Learning Unity — Spawning Objects Without The Clutter
In the last article, we learned about the purpose of Unity coroutines and how to use them. This time around, we’re going to learn how to better organize our instantiated objects. What do I mean by that? Take a look at this:
This is an example scene I have created where I have a script that can generate a “limitless” number of prefab spheres. Notice the Hierarchy window; it is completely overrun with these sphere clones. Now remember that this is a super simple example project. Imagine a real game that might have dozens or even hundreds of enemies, obstacles, pickups, etc. This could become a real mess real quick.
Fortunately, there is a very easy way to organize your scene and not be overwhelmed by objects, and that is by making use of the parent-child relationship in Unity.
To do this, we will need a new empty object to act as a container. Once you have created that, open the script you will be instantiating objects from. If you don’t have that, I have an earlier article that describes how to instantiate and destroy game objects through scripting that you can check out. Within the script variables, we will want a new reference to our object container.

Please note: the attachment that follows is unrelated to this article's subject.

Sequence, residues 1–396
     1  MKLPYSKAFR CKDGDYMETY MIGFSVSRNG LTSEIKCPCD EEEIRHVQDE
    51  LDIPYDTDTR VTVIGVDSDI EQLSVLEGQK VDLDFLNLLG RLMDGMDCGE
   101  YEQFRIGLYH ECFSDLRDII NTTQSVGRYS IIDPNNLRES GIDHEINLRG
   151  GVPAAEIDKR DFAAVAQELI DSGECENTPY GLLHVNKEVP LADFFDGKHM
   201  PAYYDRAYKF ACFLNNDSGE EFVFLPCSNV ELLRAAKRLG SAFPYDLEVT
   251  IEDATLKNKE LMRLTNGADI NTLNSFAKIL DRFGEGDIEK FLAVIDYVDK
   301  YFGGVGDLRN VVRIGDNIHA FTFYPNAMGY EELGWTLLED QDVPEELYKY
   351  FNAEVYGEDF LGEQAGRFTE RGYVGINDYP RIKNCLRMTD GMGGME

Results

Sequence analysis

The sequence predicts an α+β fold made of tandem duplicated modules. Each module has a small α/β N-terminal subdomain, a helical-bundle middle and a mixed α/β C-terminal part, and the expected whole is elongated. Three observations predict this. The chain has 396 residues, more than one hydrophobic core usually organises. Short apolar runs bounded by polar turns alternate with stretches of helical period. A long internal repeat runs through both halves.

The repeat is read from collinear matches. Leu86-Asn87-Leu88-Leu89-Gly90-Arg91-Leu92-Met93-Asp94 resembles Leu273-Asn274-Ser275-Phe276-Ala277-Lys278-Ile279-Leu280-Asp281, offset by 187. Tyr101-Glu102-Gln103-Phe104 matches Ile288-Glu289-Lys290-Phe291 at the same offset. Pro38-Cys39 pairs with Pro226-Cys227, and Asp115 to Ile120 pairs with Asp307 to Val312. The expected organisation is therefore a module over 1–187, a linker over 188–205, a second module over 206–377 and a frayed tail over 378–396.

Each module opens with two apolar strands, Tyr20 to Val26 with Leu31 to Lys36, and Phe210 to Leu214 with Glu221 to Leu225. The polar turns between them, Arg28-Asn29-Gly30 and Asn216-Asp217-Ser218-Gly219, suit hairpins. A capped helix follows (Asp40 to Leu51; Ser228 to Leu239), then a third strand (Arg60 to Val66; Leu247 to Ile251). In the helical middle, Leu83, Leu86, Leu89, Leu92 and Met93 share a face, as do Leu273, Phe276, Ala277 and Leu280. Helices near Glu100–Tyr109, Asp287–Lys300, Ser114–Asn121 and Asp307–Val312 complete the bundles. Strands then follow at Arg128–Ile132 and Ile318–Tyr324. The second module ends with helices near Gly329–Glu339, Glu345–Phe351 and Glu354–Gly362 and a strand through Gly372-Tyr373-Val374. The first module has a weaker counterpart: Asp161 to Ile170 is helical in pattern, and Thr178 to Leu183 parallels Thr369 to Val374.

Naturally, you’ll want to give that variable the SerializeField attribute. Then within the Unity Editor, make sure to assign your container object to this new script field.
Next, back in the script, we need to put in a new line after object instantiation to put our new object into the container.
The Instantiate method returns a reference to the new game object created. Once we have that, we can assign a parent to the new game object. Or, more accurately, we assign it to the new game object’s transform.
Now when we are back in our game, all of our instantiated objects are assigned directly to this parent/container, keeping our Hierarchy window much more nicely organized.
As you can see, this is much better! We can also have as many containers as we want as well as multiple layers of hierarchy, so organization will be a simple matter going forward.
Now that we’ve got that messy stuff sorted out, let’s explore something more visually interesting. In the next article, we are going to be looking at how to replace our 3D primitive objects with 2D sprites. Until then, good luck and happy coding!